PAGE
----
Classic Italian Cooking — without gluten!

The Gluten-Free Italian Cookbook:  Classic Cuisine from the Italian Countryside 

Recommended without reservation to anyone who needs or wants to cook classic Italian food that just so happens to be gluten- (and wheat-) free.
by Mary Capone, from $24(USD)
by Mary Capone, from $24(USD)

by Mary Capone, 224 pgs., 2nd edition published by The Wheat-Free Gourmet Press in paperback; from $24.00 (USD) at Amazon.com

Mary Capone knows Italian food, and she uses both her heritage as an Italian-American and her training as a professional chef to craft recipes for gluten-free fare that you can easily prepare and serve, to yourself or others, no apologies necessary. She doesn’t make you choose between good food and food that is good for you or your gluten-intolerant family and friends.  Whether you cook without gluten some of the time or all of the time, this is one cookbook that should be in your kitchen.

I purchased the first edition soon after it was released, having sampled some of Mary Capone’s recipes — specifically her oh-so-tender Italian thumbprint cookies — from a free holiday download made available several years ago by the publishers of the magazine formerly known as Living Without.  I’d love to see the newer edition because my family was thrilled from the first recipe I tried to the last.  If my husband had his way, I’d have worked straight through the cookbook from beginning to end, serving him each and every one of the offerings inside.  One day, I promise, I will.  He thought several of the recipes were worth the price of the whole book, and I wholeheartedly agree.

We had been disappointed by so many poor excuses for gluten-free cookbooks, from celiacs who had never cooked (and perhaps never should?) to celiacs who had been on gluten-free diets so long they just didn’t know how food could and should taste.  But, with The Gluten-Free Italian Cookbook, no one has to compromise.  Not on taste, nor on texture. You can prepare any, and every, recipe in the book and serve the result with the certainty that no one has to know that these delightful dishes are gluten-free . . . unless you choose to tell them.

“My desire was, and still is, to invite the gluten-free palate to sing with flavor,” Mary Capone wrote in the introduction to her first edition.

This is one invitation every gluten-intolerant palate should accept.

The book includes a recipe for gluten-free pasta which I am eager to try — my husband bought me a pasta machine so I can. In the first edition, Mary Capone also listed her preferred brand of prepared gluten-free pasta — the same that an Italian-American friend with celiac siblings had recommended to me — for those who are daunted by the idea of making fresh pasta.  In the years since the first edition was published, newer and even better pastas are available for those who cannot tolerate gluten.  We especially enjoy Barilla’s gluten-free pastasAncient Harvest (quinoa) pastas and, when we can find it, DeLallo’s gluten-free pastas.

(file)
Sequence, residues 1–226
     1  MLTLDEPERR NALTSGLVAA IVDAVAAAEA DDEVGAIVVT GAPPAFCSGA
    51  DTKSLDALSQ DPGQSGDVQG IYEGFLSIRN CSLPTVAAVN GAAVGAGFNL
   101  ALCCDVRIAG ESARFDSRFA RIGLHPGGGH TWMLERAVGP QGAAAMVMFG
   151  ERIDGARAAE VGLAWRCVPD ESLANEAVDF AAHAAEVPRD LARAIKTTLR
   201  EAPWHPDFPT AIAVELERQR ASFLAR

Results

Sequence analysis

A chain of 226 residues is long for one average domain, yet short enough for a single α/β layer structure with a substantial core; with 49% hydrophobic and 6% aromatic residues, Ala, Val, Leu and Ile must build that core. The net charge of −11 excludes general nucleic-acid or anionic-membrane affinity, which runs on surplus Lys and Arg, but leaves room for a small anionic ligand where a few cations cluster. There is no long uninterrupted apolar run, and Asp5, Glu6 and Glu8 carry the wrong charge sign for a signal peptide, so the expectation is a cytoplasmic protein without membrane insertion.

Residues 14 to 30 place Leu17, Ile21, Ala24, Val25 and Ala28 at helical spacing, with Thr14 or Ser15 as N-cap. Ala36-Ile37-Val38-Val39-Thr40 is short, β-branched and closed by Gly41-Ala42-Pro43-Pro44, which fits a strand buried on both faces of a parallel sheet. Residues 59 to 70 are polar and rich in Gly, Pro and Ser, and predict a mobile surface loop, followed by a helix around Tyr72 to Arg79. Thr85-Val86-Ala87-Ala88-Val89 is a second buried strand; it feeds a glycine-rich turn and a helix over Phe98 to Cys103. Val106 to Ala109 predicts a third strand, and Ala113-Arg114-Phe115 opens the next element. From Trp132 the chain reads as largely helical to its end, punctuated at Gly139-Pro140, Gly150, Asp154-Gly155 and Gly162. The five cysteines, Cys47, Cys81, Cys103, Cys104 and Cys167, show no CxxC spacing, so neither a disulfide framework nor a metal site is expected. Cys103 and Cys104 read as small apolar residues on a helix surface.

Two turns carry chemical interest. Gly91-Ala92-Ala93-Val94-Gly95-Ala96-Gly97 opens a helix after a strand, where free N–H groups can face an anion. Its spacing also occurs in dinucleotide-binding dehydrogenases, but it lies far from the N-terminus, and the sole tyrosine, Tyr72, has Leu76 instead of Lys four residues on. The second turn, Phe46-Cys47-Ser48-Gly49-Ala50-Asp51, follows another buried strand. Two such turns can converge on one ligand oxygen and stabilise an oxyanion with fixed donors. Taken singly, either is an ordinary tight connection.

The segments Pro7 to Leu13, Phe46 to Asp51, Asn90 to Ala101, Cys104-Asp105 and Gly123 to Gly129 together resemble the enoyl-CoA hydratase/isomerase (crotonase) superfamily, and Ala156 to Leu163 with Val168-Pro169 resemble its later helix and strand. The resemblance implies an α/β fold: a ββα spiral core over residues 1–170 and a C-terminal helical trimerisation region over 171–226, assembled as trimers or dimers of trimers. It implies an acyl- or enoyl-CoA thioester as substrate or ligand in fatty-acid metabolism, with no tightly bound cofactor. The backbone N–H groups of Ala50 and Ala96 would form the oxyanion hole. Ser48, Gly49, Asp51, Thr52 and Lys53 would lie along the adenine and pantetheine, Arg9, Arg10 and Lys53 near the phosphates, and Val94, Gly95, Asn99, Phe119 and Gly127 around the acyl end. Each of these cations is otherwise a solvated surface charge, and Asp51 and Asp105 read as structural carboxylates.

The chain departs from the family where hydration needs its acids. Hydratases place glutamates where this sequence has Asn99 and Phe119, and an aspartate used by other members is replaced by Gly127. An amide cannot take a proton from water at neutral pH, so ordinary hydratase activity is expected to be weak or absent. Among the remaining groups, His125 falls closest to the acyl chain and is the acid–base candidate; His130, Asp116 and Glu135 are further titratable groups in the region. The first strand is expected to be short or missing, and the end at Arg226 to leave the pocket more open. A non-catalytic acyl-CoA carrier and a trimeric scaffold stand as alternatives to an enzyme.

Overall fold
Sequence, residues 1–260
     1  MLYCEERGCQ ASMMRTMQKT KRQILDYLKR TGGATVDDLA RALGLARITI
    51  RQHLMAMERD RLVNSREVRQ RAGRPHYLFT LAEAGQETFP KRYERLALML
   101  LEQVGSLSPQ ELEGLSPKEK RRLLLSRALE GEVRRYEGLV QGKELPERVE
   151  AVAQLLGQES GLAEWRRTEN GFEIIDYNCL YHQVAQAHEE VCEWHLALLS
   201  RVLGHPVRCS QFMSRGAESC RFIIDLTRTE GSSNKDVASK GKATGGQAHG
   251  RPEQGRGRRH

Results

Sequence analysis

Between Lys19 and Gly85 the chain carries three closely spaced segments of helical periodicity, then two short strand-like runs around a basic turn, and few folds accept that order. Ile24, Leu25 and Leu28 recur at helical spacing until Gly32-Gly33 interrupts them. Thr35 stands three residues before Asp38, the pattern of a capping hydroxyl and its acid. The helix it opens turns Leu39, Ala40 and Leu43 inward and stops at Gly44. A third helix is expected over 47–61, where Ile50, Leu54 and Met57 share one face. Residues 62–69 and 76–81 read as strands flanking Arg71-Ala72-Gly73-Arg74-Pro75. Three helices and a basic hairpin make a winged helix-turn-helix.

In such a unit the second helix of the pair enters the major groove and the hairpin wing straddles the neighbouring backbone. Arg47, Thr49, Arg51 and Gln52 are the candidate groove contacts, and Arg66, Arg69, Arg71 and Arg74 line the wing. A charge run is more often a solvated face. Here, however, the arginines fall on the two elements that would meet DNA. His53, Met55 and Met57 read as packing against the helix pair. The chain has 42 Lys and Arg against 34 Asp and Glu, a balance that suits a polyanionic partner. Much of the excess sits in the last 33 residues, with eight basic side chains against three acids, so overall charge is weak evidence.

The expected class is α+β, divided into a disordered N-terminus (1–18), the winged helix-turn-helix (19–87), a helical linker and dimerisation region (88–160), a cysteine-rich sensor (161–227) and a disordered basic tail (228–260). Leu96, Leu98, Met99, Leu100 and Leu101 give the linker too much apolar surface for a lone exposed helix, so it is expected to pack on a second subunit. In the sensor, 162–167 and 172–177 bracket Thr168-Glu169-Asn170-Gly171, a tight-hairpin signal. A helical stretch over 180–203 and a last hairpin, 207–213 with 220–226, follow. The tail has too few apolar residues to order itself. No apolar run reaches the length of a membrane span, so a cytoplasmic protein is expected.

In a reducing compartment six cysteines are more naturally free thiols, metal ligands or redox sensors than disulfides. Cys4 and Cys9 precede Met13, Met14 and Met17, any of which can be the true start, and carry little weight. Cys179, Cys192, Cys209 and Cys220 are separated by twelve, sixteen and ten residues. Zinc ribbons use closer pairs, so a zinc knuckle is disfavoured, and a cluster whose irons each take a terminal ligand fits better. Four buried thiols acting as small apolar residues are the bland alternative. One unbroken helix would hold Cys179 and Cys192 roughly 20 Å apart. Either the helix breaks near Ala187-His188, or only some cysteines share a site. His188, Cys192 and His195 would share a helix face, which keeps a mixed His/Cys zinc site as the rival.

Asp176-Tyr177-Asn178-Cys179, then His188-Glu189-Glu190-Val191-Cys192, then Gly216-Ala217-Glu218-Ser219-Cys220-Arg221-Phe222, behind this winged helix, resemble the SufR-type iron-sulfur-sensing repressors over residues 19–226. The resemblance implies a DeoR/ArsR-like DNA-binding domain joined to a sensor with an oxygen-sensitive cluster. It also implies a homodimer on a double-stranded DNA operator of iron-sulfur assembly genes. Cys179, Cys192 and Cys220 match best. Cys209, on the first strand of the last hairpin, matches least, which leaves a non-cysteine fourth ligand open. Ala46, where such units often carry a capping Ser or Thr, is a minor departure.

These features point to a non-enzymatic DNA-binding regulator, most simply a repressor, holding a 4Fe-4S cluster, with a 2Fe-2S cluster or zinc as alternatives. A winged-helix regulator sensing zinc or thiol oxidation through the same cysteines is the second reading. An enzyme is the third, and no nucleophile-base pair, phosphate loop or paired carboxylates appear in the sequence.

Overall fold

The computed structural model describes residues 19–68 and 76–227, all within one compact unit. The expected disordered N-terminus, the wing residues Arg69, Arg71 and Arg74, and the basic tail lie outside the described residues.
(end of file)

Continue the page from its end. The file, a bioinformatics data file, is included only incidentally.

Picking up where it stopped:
Aside from the opportunity to add to any cook’s gluten-free repertoire, this cookbook is also a joy to read and an expert primer for gluten-free cooking of any kind.  Read the introduction.   Read about her struggles to create a gluten-free pasta dough worthy of her late Aunt Carmel . . . and how her aunt, dead some 10 years, provided the inspiration that led to what she considers one of her crowning successes.  Enjoy the photographs, whether they showcase the dishes, illustrate the procedures or introduce you to her Aunt Carmel and other relatives.

This is a book to be savoured, whether you’re reading it in the kitchen or in your favorite book nook.

About the Author:  Growing up in an Italian household filled with restaurateurs and great cooks, Mary Capone learned the foundations of classic Italian cuisine from her family’s boisterous kitchens. As a celiac, she has since reinvented this scrumptious cuisine to meet the needs of gluten-free dieters in her popular book, The Gluten-Free Italian Cookbook: Classic Cuisine from the Italian Countryside. Her articles and recipes have appeared in The Herb Quarterly, Energy for Women, Eatingwell.com, Living Without Magazine, Livingwithout.com, Delicious Living Magazine and Delight Gluten-Free. She is currently the director of The Wheat Free Gourmet Cooking School and has taught over 1500 students from around the world. She lives in Boulder Colorado with her loving family.

 Find the author’s products at Bella Gluten Free.

7 thoughts on “Classic Italian Cooking — without gluten!”

  1. I’m always looking for a really good gluten free cookbook, since I have Celiac disease, but this one sounds the best bet so far. I love Italian cooking! Thank you, Sis, for sharing this.

  2. Middle Sis, I also have a friend whose son has celiac disease. She is always looking for good gluten free recipes. I’ll be sure and tell her about this cookbook. Thank you for the post and the recommendation.

  3. Yumm…I already used your link to go purchase one through Amazon. I’m really looking forward to checking this out, thank you for the fabulous review.

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